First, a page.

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"...What I'm Out For Is A Good Time...All The Rest Is Propaganda..."
on 28 April 2009
After viewing this unashamedly gritty portrayal of British working class life on BLU RAY, you're left with two distinct impressions - one is admiration for the extraordinary restoration work done by the BRITISH FILM INSTITUTE on the newly restored near-faultless print - and second - and more importantly - is sheer astonishment at what a truly fantastic and ballsy film "Saturday Night And Sunday Morning" is.
In 2009 - with our so-called freedom and enlightenment - you'd be hard-pressed to find a movie so darkly truthful and still relevant. Masterpiece is a word that is often overused, but in this case it genuinely applies.
Directed by Karel Reisz in 1960, it was produced by Tony Richardson (who directed "The Loneliness of The Long Distance Runner") and adapted and scripted from his own novel by Alan Sillitoe. Set in the East Midlands, this is a world of downing pints of mild and bitter until you're paralytic drunk, red phone booths with black A/B coin boxes in them, kids getting a bag of Dolly Mixtures sweets in the corner shop, push-up packets of Sweet Afton cigarettes, kettles that boil by whistling because they're on a gas stove and not in an electric socket where they'd bubble, busy bodies with scarves on their heads watching with malicious eyes from tenement doorways for neighbours doing anything immoral...
A young Albert Finney plays defiant loudmouth Arthur Seaton who suffers the late 1950's Nottingham factory all day, because at night and at weekends, he can have his "fun". In his dapper suit and greased-back hair, Arthur is busy juggling another man's wife, drinking and betting. Finney isn't just good in the part, he's magnificent - he inhabits every scene like a panther about to pounce - like the world owes him a favour and his character Arthur clearly believes it does (his anthem above is spoken in the opening credits as he wipes his hands in a rag by the machine-tool lathe). The script is funny, ultra-realistic and dangerous all of the time. The scene where Finney arrives back from work and tells his mesmerized vegitating dad sat in an armchair in front of the gogglebox again that a man lost an eye because he watched too much television - elicits the half-dead response "aye son" - is both funny and poignant at the same time.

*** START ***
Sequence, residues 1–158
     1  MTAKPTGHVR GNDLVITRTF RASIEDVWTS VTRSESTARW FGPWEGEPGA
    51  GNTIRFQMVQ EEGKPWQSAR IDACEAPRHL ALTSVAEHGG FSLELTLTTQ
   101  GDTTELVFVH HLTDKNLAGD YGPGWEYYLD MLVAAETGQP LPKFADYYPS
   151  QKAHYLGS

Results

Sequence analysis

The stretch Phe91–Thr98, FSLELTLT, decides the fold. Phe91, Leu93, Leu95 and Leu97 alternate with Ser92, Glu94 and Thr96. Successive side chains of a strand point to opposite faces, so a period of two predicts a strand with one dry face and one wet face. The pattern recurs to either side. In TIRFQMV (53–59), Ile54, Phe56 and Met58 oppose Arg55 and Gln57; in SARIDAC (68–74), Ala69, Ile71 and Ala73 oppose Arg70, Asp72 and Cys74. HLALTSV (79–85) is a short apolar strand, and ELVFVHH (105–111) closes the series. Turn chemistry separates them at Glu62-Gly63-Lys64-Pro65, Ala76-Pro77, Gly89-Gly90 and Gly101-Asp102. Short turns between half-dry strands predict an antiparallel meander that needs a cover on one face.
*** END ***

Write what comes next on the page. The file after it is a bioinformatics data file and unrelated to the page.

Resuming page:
Having said that, watching the movie again, you're more struck by the women whose parts were cutting edge for the time - given real meat to work with. Shirley Ann Field isn't just a pretty face as Doreen the girl who makes hairnets and lives at home with her mum; she adds a rare intelligence and class to the movie. Hylda Baker is excellent as the convivial Aunt Ada who thinks Arthur is a lovely boy, but it's Rachel Roberts as the smitten wife Brenda who nicks the film - she is needy one moment, steely determined the next - then towards the end, she's just beaten and broken and lowered down as she realizes Arthur's heart is going somewhere else - permanently.
Johnny Dankworth's jazz soundtrack is deceptive - it seems like fun at first, but mostly it acts as an almost sly and sinister backdrop - happy tunes for people with nowhere to go - for the rest of their lives... It's very, very effective.
But your eyes keep coming back to the print - apart from a few lines in the opening shot of the noisy factory floor, the stark black and white footage is consistently fantastic - you can see Rachel's face blusher, Finney's sweat in the pub as he watches a war-veteran drown his sorrow in beer (Peter Sallis - the voice of Wallace in Wallace & Gromit - has a bit part in that scene) even feel the soft texture of Doreen's cashmere cardigans...a stunning restoration job done from start to finish.
The 4 extras are a mixed bag of the great and the disappointing:
1. A commentary for the duration of the film, which you can have On or Off.
2. There's an extract of an interview with Albert Finney taped in 1982 at the National Film Theatre (hosted by Michael Billington), which is accompanied by stills from the film. It's witty and informative in some ways, but criminally short at about 6 minutes. Being the main star, it's very disappointing to not hear more from him. Far better is...
3. An interview with Shirley Ann Field, which is superlative. She reminisces about each of the actors, her naivety at the time of filming, how groundbreaking the subject matter was - and of course from the stills - you get to see how beautiful she was and still is - a class act - much like Finney himself.
4. Best, however, is "We Are The Lambeth Boys", a documentary film about youths at work and play. It centres on the "Alford House Youth Club" and like the film is fully restored too. It uses the same Woodfall film team - Reisz as Director, Walter Lassally the camerman and even has Johnny Dankworth's jazzy music. It's a fascinating and lengthy insight into a world of British youth that is gone forever.
"Saturday Night And Sunday Morning" is a balls-to-the-wall triumph on Blu Ray - it's just such a shame that the mighty Albert Finney didn't get more involved - it would have been such sweet icing to an already great piece of cake.
Recommended - big time.
PS: the BFI have also done "The Loneliness Of The Long Distance Runner" (see REVIEW) and astonishing restorations of Stanley Baker's "Zulu" and Michael Caine's "The Italian Job" (see REVIEW)....